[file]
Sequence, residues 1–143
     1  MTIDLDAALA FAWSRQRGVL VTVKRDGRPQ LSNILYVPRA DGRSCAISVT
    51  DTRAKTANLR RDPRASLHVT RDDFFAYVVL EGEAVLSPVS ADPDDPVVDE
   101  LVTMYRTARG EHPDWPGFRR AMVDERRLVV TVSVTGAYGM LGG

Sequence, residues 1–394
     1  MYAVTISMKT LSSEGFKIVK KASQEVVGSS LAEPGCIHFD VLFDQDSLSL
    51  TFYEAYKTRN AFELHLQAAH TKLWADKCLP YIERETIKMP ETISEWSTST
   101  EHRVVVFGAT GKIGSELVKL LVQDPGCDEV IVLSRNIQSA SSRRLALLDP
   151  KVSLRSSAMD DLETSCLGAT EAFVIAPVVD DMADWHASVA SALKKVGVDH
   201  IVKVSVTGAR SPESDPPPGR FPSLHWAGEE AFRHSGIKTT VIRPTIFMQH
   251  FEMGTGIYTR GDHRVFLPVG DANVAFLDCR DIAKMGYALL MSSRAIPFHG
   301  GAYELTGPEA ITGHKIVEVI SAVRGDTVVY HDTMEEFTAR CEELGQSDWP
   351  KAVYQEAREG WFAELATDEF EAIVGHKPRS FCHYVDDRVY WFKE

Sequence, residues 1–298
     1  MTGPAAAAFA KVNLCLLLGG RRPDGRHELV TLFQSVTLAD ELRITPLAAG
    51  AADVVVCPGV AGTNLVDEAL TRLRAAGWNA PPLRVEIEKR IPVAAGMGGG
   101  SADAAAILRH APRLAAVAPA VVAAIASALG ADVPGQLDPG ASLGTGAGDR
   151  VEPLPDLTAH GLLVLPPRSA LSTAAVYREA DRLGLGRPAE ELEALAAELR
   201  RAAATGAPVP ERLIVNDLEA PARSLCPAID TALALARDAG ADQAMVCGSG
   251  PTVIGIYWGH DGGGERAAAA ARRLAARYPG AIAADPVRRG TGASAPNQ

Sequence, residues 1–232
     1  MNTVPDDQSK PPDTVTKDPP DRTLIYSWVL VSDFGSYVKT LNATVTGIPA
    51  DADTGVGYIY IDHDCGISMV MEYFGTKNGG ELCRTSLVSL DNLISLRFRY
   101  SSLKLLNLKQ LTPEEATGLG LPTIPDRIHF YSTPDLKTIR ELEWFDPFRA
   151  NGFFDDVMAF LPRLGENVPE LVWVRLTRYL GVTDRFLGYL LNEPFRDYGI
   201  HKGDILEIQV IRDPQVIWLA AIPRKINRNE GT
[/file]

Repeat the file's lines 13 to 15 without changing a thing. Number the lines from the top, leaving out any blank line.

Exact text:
   351  KAVYQEAREG WFAELATDEF EAIVGHKPRS FCHYVDDRVY WFKE

Sequence, residues 1–298
     1  MTGPAAAAFA KVNLCLLLGG RRPDGRHELV TLFQSVTLAD ELRITPLAAG